The king needs his general, the capable commander of his battles with Israel; he'll stand by his man. If healing is to be found in Israel, why then, he tells Naaman, "By all means, go." Yes, go, go to the people you have conquered, and get them to help you. He sends with Naaman a letter requesting that the king of Israel cure Naaman's leprosy, along with a great gift of silver and gold and rich clothing, not to mention a SONY VCR and a pile of movie cassettes. The king of Aram doesn't really know what he's doing; he knows nothing about the God of Israel and the means he may use to bring healing to Naaman. He simply assumes that in Israel, as in Aram, kings control the magical power needed to cure someone. So he does the right thing but for all the wrong reasons.

When the king of Israel receives the letter, he thoroughly misinterprets the whole affair and goes nuts. An enemy ruler requesting he cure the leprosy of an enemy soldier? A trick, a devious, dastardly trick it must be! He knows enough about God to know that merely being a king doesn't give him control of divine power, but that, he assumes, is an irrelevant issue. Healing Naaman isn't the point at all. What the king of Aram is really trying to do is to provoke a fight so he can justify some further aggression against Israel. Nevertheless, inept though he is, the king of Israel unwittingly furthers Naaman's cause, as he moans and groans and tears his robes dramatically enough that the word at last gets out to Elisha, the man who holds the key to God's intervention in Naaman's life.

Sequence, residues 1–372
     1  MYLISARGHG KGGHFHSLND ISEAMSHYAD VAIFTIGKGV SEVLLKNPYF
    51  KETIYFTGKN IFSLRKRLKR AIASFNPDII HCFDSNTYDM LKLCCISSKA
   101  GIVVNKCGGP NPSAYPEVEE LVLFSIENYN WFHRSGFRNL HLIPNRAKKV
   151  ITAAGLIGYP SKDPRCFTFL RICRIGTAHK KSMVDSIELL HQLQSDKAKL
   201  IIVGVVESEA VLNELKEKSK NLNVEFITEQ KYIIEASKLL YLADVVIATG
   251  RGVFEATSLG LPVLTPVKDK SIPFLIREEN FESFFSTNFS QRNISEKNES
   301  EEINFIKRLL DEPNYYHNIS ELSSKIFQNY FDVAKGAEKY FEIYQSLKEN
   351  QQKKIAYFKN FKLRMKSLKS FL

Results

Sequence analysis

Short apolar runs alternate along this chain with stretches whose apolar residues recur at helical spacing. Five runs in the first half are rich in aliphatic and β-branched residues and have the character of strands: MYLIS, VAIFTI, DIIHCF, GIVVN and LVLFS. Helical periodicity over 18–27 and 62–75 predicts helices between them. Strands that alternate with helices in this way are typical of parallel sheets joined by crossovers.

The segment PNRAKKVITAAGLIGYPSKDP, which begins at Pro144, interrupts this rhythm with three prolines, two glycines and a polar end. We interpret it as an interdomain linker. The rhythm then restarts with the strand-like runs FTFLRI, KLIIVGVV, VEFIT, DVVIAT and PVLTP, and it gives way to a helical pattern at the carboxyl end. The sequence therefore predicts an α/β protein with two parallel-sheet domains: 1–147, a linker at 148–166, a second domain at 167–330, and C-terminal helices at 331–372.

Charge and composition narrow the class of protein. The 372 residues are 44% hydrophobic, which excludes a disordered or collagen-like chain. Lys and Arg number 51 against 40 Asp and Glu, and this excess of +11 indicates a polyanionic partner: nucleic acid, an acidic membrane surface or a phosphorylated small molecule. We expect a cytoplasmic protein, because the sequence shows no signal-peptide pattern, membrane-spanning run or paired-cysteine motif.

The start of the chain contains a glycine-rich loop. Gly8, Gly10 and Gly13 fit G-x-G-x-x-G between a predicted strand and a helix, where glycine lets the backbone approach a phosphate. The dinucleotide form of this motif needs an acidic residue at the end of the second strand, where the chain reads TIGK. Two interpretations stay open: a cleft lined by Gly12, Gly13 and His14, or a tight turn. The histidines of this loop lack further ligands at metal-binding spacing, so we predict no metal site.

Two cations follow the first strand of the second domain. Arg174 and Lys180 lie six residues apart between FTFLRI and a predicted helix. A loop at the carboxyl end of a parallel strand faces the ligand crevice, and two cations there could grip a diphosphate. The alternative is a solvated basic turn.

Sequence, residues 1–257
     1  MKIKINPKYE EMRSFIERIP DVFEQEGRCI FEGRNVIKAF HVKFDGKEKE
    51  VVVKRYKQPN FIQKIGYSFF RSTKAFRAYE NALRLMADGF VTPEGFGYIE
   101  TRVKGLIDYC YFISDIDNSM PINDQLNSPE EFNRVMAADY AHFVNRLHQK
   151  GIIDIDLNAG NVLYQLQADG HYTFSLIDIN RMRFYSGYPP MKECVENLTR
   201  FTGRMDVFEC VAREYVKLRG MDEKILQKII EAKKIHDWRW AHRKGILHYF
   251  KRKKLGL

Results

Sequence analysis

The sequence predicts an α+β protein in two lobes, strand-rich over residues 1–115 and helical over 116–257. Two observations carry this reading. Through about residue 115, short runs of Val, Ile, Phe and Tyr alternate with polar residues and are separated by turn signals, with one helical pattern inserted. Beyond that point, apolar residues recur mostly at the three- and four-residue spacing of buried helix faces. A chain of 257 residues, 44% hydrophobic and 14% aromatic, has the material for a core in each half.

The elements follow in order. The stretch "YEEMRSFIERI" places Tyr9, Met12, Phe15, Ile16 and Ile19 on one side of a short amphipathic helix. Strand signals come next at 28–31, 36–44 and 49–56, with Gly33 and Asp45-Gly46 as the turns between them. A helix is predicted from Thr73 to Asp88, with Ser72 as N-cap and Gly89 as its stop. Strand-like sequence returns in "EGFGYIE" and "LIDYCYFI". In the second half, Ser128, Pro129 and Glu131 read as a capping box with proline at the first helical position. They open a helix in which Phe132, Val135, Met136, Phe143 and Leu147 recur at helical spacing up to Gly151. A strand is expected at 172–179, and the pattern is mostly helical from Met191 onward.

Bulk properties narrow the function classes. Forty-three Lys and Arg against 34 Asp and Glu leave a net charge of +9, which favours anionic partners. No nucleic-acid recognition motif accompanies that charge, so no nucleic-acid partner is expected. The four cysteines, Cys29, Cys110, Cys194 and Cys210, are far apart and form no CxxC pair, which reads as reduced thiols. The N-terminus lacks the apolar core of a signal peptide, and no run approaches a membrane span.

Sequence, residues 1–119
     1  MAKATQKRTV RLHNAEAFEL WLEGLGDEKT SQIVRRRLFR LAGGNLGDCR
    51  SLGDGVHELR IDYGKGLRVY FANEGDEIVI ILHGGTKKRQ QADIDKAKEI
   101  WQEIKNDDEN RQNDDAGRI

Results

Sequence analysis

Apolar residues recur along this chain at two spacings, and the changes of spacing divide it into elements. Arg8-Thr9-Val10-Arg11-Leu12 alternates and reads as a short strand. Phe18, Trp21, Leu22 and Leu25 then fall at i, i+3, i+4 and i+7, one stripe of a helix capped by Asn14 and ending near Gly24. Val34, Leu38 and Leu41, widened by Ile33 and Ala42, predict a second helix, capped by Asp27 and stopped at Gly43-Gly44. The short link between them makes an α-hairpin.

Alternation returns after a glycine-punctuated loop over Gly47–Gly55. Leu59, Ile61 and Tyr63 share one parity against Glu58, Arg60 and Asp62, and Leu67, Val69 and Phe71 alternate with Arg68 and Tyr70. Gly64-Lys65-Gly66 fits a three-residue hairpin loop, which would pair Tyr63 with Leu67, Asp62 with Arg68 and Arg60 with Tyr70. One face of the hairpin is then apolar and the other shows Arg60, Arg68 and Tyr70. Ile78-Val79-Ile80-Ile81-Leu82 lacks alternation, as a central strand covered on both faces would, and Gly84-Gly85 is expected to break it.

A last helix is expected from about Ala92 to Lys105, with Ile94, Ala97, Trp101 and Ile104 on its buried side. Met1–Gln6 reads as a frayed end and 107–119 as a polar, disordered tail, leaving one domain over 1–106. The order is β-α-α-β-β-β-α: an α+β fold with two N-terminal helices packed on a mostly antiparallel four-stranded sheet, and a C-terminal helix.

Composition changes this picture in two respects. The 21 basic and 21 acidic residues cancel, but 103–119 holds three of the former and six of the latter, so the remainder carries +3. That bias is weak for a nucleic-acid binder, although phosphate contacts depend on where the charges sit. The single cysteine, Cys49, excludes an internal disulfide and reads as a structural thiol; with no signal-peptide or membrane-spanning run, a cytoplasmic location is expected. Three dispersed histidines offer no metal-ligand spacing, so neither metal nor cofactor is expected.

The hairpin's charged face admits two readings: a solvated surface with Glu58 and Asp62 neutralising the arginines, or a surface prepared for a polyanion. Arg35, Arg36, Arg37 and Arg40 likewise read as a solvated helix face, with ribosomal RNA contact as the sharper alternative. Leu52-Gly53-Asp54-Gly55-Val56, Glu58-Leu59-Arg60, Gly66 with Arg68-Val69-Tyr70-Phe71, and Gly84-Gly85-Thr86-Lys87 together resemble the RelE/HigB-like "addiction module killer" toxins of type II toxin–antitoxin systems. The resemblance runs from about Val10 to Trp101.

Elisha sends word to Naaman suggesting Naaman's appearance at his house, and Naaman responds as any proper general would, showing up with horses and chariots and jeeps, and a few helicopters hovering overhead to ensure security. The prophet, surely, will drop whatever he is doing, probably checking out the most recent New York Times analysis of animosity between Aram and Israel, and respectfully rush out and heal him.

But no. Not at all. Elisha just stays in his easy chair and sends a messenger out to say, "Go, wash yourself seven times in the Jordan, and your flesh will be restored and you will be cleansed." Naaman goes off in a huff, probably after motioning his helicopters to settle over Elisha's house and roar in his ears for a while. In the first place, Naaman grumbles, one would have thought all that was needed for the healing was for Elisha to call on God and wave his hand like a wand over the leprosy. Even if one let him get away with ordering instead a seven-fold dip in a river, the least he could have done was to suggest it be carried out in one of the clear, clean, lovely rivers of Damascus, rather than the sluggish muddy waters of the Jordan!